This is a fine and listenable symphony, very much in Copland's "populist" style. The last movement is based on his Fanfare for the Common Man which I am familiar with, of course. I recommend reading Tom's article introducing the symphony and listening to the whole piece. He has links to other performances, but I will embed here Leonard Bernstein's recording of the last movement with the New York Philharmonic:
There is more to be said, of course. For one thing, there was a fierce competition with William Schumann and Roy Harris among others to write the "Great American Symphony". And, following Beethoven's example in his Symphony No. 3, it needed to be an heroic one. It is acknowledged that Copland won that competition! The symphony was written between the D-Day landings in Europe in the summer of 1944 and the summer of 1946, just after America had won the war in the Pacific with Japan by dropping two atomic bombs on Japanese cities. This triumph also brought anxiety as the whole world now had to live with the possibility of nuclear destruction as the Soviet Union soon had its own bomb. Also, the Cold War between the West and East began soon after the end of the war. Churchill's speech announcing that an "Iron Curtain" had fallen across Eastern Europe was made in March 1946.
As a consequence of the Cold War a hunt began in the US to root out supposed communist sympathizers. One of these was the German composer Hanns Eisler who had fled the Nazis in 1933 and lived in Hollywood. He was deported in 1948 for being a communist. Copland came close to being guilty by association as he was mentioned in an interview by Eisler as being a person with "progressive ideas" which made him suspect. Copland was also photographed at a conference in New York in 1949 with the composer Dmitri Shostakovich who was traveling as a cultural ambassador for the Soviet Union. This conference was a holdover from the wartime alliance, but the publication of the photo in Life magazine under the headline "Dupes and Fellow Travelers Dress Up Communist Fronts" did Copland's career no good! Ironically, Shostakovich was also in disgrace after the 1948 denouncing for "formalism".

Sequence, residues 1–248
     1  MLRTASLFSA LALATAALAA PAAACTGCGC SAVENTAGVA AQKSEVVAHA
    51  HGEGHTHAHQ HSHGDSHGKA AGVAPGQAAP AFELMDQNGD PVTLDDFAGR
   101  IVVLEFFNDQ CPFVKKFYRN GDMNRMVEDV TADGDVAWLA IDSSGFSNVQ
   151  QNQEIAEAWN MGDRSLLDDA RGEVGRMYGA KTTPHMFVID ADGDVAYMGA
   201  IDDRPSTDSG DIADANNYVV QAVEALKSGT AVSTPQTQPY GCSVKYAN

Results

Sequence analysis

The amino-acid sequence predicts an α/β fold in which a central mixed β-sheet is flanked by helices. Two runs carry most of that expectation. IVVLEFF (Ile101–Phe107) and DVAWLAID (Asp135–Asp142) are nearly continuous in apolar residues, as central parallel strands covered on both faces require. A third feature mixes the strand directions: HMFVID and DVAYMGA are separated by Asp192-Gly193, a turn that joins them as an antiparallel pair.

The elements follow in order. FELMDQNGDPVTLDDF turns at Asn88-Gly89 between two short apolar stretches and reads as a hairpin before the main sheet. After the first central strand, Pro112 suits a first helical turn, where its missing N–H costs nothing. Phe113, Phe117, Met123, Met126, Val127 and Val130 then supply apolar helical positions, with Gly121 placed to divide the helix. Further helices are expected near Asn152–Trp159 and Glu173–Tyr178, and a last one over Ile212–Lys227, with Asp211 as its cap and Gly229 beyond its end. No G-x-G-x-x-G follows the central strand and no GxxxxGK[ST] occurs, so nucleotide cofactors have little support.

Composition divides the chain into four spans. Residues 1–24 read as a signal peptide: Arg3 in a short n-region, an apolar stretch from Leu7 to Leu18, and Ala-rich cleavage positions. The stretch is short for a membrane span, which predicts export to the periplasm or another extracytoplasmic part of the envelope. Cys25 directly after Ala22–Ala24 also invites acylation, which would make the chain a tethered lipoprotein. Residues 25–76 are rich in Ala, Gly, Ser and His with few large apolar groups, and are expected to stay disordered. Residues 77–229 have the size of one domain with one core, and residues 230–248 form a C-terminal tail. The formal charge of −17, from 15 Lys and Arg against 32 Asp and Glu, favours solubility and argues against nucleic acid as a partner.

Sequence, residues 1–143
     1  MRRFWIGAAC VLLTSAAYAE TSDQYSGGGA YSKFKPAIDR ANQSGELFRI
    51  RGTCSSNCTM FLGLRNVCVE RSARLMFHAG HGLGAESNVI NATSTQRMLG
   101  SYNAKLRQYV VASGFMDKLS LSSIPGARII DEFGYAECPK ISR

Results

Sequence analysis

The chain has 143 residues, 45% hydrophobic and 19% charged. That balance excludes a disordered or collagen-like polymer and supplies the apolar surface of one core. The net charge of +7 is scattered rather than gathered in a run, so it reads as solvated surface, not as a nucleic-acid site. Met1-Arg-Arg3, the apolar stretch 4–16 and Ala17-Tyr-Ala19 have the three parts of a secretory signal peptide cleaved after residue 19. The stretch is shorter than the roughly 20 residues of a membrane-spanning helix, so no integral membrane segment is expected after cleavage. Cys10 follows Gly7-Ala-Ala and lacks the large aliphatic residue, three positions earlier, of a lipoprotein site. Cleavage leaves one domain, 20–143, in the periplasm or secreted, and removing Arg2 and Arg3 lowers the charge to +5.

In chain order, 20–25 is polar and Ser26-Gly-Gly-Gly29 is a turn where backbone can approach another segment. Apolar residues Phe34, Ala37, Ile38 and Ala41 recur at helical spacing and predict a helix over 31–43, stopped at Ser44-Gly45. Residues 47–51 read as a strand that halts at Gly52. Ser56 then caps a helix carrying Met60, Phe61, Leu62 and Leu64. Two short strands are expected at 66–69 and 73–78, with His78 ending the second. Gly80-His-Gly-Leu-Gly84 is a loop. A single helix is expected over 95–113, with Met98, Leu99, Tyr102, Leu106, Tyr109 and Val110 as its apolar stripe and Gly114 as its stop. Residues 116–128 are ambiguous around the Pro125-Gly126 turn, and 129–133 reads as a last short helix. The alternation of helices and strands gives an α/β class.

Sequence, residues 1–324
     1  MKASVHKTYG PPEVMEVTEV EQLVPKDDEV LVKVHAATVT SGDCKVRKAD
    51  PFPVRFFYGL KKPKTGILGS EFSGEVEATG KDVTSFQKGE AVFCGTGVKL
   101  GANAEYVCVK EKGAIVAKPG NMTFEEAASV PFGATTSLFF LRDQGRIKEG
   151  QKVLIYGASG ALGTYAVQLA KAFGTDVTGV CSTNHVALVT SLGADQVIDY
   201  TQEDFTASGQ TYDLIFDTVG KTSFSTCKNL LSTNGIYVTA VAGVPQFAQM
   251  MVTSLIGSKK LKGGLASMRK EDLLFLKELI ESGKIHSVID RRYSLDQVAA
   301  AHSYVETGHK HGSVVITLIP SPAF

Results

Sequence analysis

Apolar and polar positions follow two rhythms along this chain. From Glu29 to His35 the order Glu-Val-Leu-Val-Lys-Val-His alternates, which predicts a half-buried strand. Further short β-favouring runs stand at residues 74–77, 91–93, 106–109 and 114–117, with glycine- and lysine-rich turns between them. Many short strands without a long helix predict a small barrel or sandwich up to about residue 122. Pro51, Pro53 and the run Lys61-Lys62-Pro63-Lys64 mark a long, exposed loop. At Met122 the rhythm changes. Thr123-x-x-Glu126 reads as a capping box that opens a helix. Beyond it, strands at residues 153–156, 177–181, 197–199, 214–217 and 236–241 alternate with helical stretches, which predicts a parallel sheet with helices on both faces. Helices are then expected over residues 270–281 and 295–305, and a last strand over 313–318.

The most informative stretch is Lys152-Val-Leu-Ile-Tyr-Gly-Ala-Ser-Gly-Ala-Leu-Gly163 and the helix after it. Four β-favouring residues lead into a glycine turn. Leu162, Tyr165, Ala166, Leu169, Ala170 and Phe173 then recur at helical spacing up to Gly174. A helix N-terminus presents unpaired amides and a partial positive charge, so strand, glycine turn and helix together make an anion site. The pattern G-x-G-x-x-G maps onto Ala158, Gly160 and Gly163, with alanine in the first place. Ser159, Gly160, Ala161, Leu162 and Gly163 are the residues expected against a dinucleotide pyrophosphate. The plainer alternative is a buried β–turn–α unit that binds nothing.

|Shostakovich (center) and Copland (right) in New York in 1949|
After all this, Copland was not going to risk any more "populism" which could all too easily be termed sympathy for communism. Indeed, a performance of A Lincoln Portrait that was scheduled to be given at the inauguration of President Eisenhower in 1953 was canceled because of Copland's "questionable affiliations." Around this time, pressured by ultimately being called to testify at the infamous hearings of the McCarthy subcommittee, Copland made a major change in his musical style, turning away from the tonality of his populist works to the austerity of twelve-tone composition. Here is the first movement of his Piano Quartet, composed in 1950:
Withdrawing from the populism of tonality to the Ivory Tower of "pure art" (symbolized by serialism) was a way for Copland and other American composers to avoid being drawn into the political battles of the post-war period.
It is just one of the political and aesthetic complexities of the Cold War that the CIA funded the European avant-garde after the war as an effort to demonstrate the superiority of Western aesthetic procedures over the socialist realism of the Soviet Union. Much as the scientific expertise of Albert Einstein and the Manhattan Project (which gave rise to the atomic bomb) demonstrated the superiority of Western science over that of the communists.
Copland wrote his Symphony No. 3 in a sincere attempt to capture the heroic feeling around the end of the war. At around the same time Shostakovich wrote his Symphony No. 9: originally intended to be a heroic celebration of the end of the war as well, it turned out quite differently. Shostakovich, while certainly capable of disingenuous celebrations in the mode of socialist realism such as we see in his Symphonies Nos. 11 and 12, at this moment in time, he just couldn't do it and instead wrote a more classical symphony full of wit and irony. This is the lightest and most cheerful symphony he ever wrote. He just couldn't bring himself to write something puffed up and pompous on this occasion. Here is Leonard Bernstein conducting the piece: